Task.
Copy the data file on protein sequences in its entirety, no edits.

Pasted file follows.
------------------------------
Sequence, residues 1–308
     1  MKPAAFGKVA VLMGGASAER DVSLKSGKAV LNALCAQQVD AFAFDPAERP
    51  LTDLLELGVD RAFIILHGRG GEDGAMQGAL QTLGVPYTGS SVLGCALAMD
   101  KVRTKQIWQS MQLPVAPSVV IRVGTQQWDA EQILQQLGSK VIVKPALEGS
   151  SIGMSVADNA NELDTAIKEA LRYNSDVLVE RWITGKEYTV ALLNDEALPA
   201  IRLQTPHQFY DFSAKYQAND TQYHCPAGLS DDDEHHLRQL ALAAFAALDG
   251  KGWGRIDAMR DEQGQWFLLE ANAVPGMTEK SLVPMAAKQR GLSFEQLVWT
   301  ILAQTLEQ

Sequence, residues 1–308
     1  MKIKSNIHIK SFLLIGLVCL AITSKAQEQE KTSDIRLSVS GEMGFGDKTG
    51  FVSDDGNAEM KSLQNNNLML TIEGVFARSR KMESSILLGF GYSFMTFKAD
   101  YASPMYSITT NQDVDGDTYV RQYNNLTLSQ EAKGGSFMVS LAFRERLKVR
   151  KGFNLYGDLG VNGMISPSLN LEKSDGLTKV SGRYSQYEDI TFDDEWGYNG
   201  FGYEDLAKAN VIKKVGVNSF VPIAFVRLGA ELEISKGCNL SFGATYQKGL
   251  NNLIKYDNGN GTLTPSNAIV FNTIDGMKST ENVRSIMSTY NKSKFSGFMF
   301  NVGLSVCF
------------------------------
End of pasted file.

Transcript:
Sequence, residues 1–308
     1  MKPAAFGKVA VLMGGASAER DVSLKSGKAV LNALCAQQVD AFAFDPAERP
    51  LTDLLELGVD RAFIILHGRG GEDGAMQGAL QTLGVPYTGS SVLGCALAMD
   101  KVRTKQIWQS MQLPVAPSVV IRVGTQQWDA EQILQQLGSK VIVKPALEGS
   151  SIGMSVADNA NELDTAIKEA LRYNSDVLVE RWITGKEYTV ALLNDEALPA
   201  IRLQTPHQFY DFSAKYQAND TQYHCPAGLS DDDEHHLRQL ALAAFAALDG
   251  KGWGRIDAMR DEQGQWFLLE ANAVPGMTEK SLVPMAAKQR GLSFEQLVWT
   301  ILAQTLEQ

Sequence, residues 1–308
     1  MKIKSNIHIK SFLLIGLVCL AITSKAQEQE KTSDIRLSVS GEMGFGDKTG
    51  FVSDDGNAEM KSLQNNNLML TIEGVFARSR KMESSILLGF GYSFMTFKAD
   101  YASPMYSITT NQDVDGDTYV RQYNNLTLSQ EAKGGSFMVS LAFRERLKVR
   151  KGFNLYGDLG VNGMISPSLN LEKSDGLTKV SGRYSQYEDI TFDDEWGYNG
   201  FGYEDLAKAN VIKKVGVNSF VPIAFVRLGA ELEISKGCNL SFGATYQKGL
   251  NNLIKYDNGN GTLTPSNAIV FNTIDGMKST ENVRSIMSTY NKSKFSGFMF
   301  NVGLSVCF